The proportion of military service members with detectable neutralizing antibodies 10-14 years after a single dose of YF vaccine (95.8%, 95% CI 91.2-98.1%) was non-inferior to the proportion 5-9 years after vaccination (97.8%, 95% CI 93.7-99.3%). Additionally, GMT among vaccine recipients at 10-14 years post vaccination (99, 95% CI 82-121) was non-inferior to GMT in YF vaccine recipients at 5-9 years post vaccination (115, 95% CI 96-139). The proportion of vaccinees with neutralizing antibodies remained high, and non-inferior, among those vaccinated 15-19 years prior (98.5%, 95%CI 95.5-99.7%). Although the proportion seropositive decreased among vaccinees ≥ 20 years post vaccination, >90% remained seropositive.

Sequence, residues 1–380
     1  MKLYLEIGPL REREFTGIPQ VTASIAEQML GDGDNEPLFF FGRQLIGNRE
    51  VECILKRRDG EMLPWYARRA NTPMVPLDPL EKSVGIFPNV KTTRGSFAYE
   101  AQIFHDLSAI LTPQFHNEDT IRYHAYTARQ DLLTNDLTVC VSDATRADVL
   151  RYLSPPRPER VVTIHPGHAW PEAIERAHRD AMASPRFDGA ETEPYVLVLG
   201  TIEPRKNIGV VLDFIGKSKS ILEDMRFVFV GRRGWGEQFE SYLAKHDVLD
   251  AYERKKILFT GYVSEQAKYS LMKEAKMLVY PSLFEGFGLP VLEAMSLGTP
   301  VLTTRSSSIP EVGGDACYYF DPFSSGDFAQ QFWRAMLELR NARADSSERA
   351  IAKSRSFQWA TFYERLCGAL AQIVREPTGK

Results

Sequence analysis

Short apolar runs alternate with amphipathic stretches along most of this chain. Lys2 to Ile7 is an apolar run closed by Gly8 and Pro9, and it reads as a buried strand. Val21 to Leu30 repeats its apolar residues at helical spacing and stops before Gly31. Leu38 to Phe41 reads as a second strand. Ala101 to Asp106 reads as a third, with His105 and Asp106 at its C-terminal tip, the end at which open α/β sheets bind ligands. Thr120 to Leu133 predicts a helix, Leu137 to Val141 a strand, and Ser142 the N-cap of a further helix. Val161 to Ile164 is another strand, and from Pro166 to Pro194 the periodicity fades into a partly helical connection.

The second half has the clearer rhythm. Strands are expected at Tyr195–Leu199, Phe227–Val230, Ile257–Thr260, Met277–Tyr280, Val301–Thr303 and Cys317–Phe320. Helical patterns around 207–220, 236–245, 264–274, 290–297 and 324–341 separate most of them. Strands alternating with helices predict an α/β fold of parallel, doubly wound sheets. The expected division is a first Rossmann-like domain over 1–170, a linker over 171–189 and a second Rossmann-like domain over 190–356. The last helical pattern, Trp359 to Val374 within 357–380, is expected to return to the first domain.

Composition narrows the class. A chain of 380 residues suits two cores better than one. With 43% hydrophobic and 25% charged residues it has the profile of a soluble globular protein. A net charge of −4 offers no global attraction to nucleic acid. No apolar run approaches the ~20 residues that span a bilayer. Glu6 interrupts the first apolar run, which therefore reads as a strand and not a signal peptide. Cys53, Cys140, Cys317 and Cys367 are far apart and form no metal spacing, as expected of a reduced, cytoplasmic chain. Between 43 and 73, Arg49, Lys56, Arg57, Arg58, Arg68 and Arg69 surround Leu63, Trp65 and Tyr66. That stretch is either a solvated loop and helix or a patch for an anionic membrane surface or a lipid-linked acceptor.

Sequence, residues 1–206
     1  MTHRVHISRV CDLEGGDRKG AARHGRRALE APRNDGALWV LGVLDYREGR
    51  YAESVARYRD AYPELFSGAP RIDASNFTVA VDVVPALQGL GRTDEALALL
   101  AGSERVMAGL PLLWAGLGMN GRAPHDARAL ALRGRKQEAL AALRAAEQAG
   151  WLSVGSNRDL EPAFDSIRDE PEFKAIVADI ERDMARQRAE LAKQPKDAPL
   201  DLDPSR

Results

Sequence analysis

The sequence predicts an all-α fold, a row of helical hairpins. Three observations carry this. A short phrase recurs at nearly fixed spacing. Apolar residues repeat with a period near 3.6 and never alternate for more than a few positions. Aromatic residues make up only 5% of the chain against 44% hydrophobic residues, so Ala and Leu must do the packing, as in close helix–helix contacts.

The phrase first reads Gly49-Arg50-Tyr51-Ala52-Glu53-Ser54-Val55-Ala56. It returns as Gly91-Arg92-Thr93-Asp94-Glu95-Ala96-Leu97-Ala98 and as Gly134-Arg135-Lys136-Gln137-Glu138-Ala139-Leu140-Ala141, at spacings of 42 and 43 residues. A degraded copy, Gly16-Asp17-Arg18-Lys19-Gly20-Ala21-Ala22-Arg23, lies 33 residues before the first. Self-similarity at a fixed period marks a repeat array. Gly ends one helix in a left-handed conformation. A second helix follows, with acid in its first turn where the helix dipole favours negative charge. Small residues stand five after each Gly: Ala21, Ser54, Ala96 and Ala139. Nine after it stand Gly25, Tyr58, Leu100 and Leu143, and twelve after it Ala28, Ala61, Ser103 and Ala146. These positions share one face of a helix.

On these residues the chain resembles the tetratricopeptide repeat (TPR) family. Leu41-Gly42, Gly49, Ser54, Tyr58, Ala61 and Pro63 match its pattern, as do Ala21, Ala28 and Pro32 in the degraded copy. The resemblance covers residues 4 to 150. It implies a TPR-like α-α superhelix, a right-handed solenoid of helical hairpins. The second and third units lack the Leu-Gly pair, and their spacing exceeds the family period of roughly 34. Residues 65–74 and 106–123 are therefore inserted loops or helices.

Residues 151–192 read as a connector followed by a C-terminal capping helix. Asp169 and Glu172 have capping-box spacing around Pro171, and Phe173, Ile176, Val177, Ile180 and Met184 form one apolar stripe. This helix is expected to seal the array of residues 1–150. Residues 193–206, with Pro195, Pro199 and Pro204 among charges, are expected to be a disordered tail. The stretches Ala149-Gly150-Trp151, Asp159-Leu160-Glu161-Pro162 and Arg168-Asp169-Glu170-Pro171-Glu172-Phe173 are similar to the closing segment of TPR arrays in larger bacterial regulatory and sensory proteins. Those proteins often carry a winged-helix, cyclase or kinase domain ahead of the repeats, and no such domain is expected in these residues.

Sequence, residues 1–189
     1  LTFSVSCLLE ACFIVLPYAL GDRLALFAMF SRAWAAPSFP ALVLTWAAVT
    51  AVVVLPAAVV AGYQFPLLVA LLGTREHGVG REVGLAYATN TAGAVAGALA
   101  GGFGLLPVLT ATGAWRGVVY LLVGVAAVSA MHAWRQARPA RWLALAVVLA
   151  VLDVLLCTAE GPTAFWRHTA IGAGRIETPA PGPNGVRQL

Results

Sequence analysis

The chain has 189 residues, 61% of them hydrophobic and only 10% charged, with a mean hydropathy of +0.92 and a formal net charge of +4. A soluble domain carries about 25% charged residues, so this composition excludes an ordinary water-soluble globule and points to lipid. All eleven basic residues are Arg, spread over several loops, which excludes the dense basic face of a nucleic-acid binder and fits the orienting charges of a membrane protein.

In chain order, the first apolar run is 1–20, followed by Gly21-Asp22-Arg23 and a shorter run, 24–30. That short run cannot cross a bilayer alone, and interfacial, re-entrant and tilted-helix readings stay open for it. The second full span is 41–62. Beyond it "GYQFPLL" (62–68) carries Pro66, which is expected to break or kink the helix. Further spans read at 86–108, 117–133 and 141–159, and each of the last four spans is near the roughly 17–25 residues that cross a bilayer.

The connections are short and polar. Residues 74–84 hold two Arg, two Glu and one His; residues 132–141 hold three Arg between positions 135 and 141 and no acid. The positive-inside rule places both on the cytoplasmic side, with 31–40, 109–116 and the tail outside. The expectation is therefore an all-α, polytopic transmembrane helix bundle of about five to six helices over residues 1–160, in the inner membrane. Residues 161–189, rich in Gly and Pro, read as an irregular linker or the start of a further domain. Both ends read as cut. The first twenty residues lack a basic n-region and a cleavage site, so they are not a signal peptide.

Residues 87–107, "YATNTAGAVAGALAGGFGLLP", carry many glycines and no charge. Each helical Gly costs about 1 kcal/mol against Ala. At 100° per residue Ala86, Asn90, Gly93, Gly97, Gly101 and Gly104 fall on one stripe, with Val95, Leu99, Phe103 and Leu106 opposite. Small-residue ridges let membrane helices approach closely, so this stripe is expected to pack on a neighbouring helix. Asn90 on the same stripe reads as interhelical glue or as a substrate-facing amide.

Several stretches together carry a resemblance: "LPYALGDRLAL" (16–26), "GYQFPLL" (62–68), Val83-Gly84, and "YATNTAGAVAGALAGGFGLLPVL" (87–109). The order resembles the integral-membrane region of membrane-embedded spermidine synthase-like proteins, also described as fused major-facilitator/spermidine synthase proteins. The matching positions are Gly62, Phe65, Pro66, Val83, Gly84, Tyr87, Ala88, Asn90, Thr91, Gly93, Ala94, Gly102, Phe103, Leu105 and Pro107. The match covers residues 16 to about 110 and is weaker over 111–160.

CONCLUSIONS

Neutralizing antibodies were present in > 95% of vaccine recipients for at least 19 years after vaccination, suggesting that booster doses every 10 years are not essential for most U.S. military personnel.

Authors+Show Affiliations